State surveillance, what is it? Why is it needed? This article will discuss and compare the bills for surveillance in the UK and Germany. It will explore the benefits and the drawbacks of having an entire population being watched.
Back in 2016, the Investigatory Powers Act aka ‘the Snoopers Charter’ was passed in the United Kingdom; this extended the state’s surveillance power by tapping into web and mobile devices and storing each user’s browser history for the last twelve months. Amber Rudd, Britain’s Home Secretary praised this bill as “world-leading legislation” that enables “unprecedented transparency and substantial privacy protection”. The new act also allows security services and the police to hack into devices and collect data in bulk (all provided that a judge signs this off). The UK Government communicated their reasoning as to why this bill was passed; in this time of heightened security threats, collecting information on the public is very important. The Government then went on to say that the internet today provides more ways of conducting acts of terrorism and the Open Rights Group require this bill to keep the public safe. However, Jim Killock, the executive director of the , critiqued the process as the legislation was passed “while the public, media and politicians were preoccupied with Brexit”. This has then lead to the public feeling concerned as to what information will be shared and what extent of power will the police gain from all this?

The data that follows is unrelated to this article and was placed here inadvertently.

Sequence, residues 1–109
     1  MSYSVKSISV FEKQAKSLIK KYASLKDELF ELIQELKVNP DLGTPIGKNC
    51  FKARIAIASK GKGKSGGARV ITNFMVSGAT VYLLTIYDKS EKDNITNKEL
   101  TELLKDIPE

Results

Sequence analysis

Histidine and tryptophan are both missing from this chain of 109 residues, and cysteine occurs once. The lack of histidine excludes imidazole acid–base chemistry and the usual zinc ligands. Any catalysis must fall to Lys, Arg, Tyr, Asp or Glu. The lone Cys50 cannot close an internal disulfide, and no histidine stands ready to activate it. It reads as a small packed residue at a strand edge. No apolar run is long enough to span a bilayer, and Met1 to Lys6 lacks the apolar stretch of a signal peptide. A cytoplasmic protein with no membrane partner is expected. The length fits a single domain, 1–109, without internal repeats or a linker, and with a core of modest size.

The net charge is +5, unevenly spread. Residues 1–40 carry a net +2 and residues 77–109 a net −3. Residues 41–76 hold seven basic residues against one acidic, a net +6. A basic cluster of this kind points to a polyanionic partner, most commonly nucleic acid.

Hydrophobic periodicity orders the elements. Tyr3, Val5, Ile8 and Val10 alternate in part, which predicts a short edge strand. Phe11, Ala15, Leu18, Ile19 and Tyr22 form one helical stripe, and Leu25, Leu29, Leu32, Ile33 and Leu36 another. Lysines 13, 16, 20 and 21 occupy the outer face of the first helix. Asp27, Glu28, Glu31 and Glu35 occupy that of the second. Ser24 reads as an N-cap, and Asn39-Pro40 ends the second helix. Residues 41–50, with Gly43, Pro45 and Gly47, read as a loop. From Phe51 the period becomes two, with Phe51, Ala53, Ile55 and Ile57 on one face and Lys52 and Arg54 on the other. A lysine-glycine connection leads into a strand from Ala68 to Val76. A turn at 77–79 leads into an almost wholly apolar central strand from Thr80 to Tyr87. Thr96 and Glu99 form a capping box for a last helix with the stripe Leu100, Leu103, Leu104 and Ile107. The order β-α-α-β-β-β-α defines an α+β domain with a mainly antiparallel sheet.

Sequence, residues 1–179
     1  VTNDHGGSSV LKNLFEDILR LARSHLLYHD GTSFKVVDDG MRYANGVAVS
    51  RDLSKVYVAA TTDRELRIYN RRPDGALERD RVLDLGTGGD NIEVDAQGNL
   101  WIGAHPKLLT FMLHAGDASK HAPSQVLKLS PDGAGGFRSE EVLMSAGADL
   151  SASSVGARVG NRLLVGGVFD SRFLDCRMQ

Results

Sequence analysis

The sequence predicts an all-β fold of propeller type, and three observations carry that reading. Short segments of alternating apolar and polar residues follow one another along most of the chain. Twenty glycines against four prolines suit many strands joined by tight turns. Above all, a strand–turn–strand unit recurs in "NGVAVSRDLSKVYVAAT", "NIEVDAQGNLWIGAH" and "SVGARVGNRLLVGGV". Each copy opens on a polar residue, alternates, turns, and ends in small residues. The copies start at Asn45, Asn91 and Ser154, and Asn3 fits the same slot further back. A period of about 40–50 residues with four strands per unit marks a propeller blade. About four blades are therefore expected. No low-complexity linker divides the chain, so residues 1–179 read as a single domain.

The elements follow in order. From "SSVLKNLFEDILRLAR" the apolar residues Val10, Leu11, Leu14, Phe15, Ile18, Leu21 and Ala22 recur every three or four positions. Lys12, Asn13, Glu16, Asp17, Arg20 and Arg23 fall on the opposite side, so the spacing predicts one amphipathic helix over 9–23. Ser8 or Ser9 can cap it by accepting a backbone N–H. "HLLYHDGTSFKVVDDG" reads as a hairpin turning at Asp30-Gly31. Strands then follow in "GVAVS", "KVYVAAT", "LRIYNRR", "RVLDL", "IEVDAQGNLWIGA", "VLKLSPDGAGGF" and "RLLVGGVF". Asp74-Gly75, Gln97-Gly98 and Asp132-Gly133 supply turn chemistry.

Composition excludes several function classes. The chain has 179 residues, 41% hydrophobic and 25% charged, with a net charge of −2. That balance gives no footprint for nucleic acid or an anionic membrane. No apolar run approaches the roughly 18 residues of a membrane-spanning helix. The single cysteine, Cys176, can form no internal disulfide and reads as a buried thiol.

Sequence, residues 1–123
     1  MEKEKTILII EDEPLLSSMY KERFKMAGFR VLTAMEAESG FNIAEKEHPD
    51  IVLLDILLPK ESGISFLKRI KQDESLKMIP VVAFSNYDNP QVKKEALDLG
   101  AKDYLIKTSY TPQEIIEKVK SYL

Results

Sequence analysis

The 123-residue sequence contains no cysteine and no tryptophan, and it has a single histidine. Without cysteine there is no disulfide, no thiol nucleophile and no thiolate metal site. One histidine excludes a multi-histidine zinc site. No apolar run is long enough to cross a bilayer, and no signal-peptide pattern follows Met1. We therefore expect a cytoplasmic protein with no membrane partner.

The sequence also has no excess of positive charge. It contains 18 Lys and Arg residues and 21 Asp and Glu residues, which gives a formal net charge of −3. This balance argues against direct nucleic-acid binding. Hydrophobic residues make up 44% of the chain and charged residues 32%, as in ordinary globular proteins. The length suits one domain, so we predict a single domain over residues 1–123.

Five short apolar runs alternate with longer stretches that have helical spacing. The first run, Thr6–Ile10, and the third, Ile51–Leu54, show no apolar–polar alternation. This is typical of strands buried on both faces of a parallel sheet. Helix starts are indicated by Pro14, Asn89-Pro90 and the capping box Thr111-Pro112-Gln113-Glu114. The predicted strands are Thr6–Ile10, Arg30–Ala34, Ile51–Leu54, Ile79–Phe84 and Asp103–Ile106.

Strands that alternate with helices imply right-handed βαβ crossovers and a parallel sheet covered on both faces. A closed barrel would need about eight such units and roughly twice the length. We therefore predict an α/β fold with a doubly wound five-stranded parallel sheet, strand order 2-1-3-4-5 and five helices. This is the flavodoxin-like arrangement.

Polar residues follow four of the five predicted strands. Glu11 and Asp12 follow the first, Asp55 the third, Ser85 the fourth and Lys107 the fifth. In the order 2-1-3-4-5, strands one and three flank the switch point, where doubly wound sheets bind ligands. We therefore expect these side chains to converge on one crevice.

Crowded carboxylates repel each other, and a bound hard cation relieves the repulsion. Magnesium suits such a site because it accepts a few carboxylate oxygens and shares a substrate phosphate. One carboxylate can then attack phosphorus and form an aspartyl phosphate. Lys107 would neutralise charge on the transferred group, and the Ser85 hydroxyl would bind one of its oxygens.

Now in 2017; Germany too, have plans for state surveillance. The Interior Minister, Thomas de Maizière, has pushed a proposal for all tech/car companies to provide Germany’s Security Services with access to intelligence from all their digital products. The Interior Minister’s motivation behind this new law was due to the intelligence agencies struggling to break through security systems on all digital devices. He backed up his plans by stating that it is “the legal duty for third parties to allow for secret surveillance.” Maizière won’t stop there though, as his future plans include the security services gaining access to any device that can connect to the internet, that includes; smart TVs, fridges and even coffee makers. Frank Rieger, a spokesman for the Chaos Computer Club, has critiqued this bill; he stated that if the information gets into the wrong hands, then it will cause dire consequences. Rieger provided a fitting example; if someone gains access to the IT system of a car, then they can control the steering/pedals/gears, which puts the driver and the passengers lives in danger; “it is a literal kill switch” he explained. Konstantin von Notz, the Deputy Faction Leader of the Green Party, also added concern as the German Government seem to be mirroring the ‘Big Brother is watching you’ mentality from George Orwell’s book; Nineteen Eight-Four, turning Germany into a “Orwellian nightmare”. Notz then raised the uncertain future Germany would face; “do we want to live in a land where there is no privacy and where the state can interfere wherever it is technologically possible?”
Digital First understand that the world is getting smarter and with that comes new threats. The UK and German Government are trying to combat this by introducing state-wide surveillance, and where this makes sense to stop terrorism plots; when does the line get drawn? Gaining access to the public’s harmless personal devices, like a coffee machine, seems to be a step too far. Digital First always welcome new systems to aid future progress, but we also understand that you should keep your wits about you and critique everything.